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Over the course of the year, curating the Short Film of the Day feature has given me a deep and affecting appreciation of the art form. Before, I hadn’t given much thought to the little bastards, but the truth is that they are incredibly versatile and representative of the boundaries that film can break. They can be jokes told well or human dramas driven home. They can be a perfect bite or demand to be expanded into a full meal. They can feel classic or break out into the long, strange realm of experimentation. They are so much more than movies with short runtimes. There’s one difficulty in judging them, though. With such variation, pinpointing how one can be better than another gets to be tricky. So, no matter the order, the one constant is that all the movies listed here are outstanding at what they do. The other (small) problem is that sometimes short films spend a long time touring festivals and otherwise being unavailable online. Thus, eligibility here is based solely on when a movie hit the web for us to digest. In that way, it’s the best short films from 2010-2011, but I have a feeling that that trivia won’t matter once you sit glued to the screen at the talent on display here.

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Why Watch? It’s from Spike Jonze. There’s no reason you should need to know more about it, but in case you’re curious, this inventive short film (which channels a few of the old Merry Melodies shorts set in libraries) was born out of a partnership between Jonze and artist/purse designer Olympia Le-Tan. With co-director Simon Cahn, Jonze tells the stop-motion story of a skeleton and a young woman from the covers of two famous novels, falling in love and getting into trouble. Vibrant and sweet, it’s a must-see. What does it cost? Just 7 minutes of your time. Check out Mourir Auprès de Toi for yourself:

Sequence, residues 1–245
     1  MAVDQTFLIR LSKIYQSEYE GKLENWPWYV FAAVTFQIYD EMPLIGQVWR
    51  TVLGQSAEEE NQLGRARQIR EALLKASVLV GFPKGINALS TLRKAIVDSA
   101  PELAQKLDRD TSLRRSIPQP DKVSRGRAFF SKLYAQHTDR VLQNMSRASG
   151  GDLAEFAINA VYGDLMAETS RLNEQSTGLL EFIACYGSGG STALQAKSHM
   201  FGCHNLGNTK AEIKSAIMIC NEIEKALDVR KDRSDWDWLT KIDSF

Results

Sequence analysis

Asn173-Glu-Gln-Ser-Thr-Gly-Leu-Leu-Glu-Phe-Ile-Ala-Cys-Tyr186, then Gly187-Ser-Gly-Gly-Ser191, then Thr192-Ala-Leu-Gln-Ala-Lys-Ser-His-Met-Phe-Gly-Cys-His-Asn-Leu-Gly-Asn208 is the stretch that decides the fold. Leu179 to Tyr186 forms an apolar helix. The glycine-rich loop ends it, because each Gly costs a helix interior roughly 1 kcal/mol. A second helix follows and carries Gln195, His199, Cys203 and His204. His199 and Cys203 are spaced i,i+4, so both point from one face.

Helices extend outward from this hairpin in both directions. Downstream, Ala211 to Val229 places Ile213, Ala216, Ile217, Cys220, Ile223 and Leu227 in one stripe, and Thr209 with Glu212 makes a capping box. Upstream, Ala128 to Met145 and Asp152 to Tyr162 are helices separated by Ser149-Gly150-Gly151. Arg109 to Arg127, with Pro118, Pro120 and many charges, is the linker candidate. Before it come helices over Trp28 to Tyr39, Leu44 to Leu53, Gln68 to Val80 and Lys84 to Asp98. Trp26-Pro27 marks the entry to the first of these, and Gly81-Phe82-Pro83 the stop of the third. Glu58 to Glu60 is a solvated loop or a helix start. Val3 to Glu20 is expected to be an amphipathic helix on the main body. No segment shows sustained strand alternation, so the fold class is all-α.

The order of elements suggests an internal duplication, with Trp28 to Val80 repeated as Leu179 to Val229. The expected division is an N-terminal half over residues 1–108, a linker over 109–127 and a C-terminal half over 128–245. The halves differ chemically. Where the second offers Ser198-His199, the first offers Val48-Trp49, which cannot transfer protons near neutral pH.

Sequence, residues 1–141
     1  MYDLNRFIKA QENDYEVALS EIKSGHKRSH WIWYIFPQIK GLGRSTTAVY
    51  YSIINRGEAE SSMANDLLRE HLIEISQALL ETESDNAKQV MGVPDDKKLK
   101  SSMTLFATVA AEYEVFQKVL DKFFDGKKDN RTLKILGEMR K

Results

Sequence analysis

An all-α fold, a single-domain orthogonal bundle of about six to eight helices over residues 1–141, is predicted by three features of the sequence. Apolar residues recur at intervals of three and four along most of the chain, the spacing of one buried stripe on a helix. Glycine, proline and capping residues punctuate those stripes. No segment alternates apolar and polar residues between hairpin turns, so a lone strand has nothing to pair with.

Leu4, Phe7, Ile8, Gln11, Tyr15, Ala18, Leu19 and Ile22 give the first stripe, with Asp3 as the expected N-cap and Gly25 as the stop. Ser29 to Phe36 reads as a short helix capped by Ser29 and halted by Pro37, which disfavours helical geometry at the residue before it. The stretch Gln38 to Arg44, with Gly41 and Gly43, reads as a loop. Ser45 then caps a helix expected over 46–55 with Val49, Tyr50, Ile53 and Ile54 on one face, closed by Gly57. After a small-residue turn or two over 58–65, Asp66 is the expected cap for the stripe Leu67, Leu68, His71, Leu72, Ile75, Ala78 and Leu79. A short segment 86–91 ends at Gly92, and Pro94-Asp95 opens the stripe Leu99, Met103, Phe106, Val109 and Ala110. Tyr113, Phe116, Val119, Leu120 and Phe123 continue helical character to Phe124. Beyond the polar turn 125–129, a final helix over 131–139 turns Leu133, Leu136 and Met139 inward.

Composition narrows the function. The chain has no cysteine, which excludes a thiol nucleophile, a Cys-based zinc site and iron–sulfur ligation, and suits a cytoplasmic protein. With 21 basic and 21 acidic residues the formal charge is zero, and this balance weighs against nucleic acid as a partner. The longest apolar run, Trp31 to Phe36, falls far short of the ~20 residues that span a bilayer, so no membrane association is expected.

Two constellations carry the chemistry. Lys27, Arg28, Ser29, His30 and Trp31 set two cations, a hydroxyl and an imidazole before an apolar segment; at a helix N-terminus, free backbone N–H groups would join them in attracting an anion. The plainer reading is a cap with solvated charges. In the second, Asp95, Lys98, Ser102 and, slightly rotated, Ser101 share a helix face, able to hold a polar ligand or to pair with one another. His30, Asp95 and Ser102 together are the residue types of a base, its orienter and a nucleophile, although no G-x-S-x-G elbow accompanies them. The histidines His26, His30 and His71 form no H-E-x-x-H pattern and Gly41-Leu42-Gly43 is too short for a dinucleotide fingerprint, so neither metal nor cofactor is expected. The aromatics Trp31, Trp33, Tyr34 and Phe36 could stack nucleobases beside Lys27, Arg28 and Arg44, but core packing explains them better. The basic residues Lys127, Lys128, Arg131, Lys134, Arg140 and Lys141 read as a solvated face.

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If you’re interested in seeing veteran actor Brian Cox slit a few throats and chop off a few heads, then Ironclad is definitely the film for you. It’s got fantastically gory kills, Paul Giamatti looking angry in every frame and chewing apart every inch of scenery with each glare, and blood hitting every inch of the screen imaginable. Sound promising? Director Jonathan English has captured a tone that revels in both gore and laughs. Brian Cox, thankfully, gets to partake in English’s bloodbath. I knew within the first few seconds of speaking with Cox that I was going to enjoy the chat. Cox got a hearty laugh from the site’s name right from the start and had a few questions about its origin, a part I desperately wish I recorded. It was a nice icebreaker, to say the least. Calm and thoughtful, the actor made for a quick and pleasant interview. We discussed the fun tone of Ironclad and, mainly, the different directors he’s collaborated with, including the likes of Bryan Singer, Doug Liman, and Rupert Wyatt.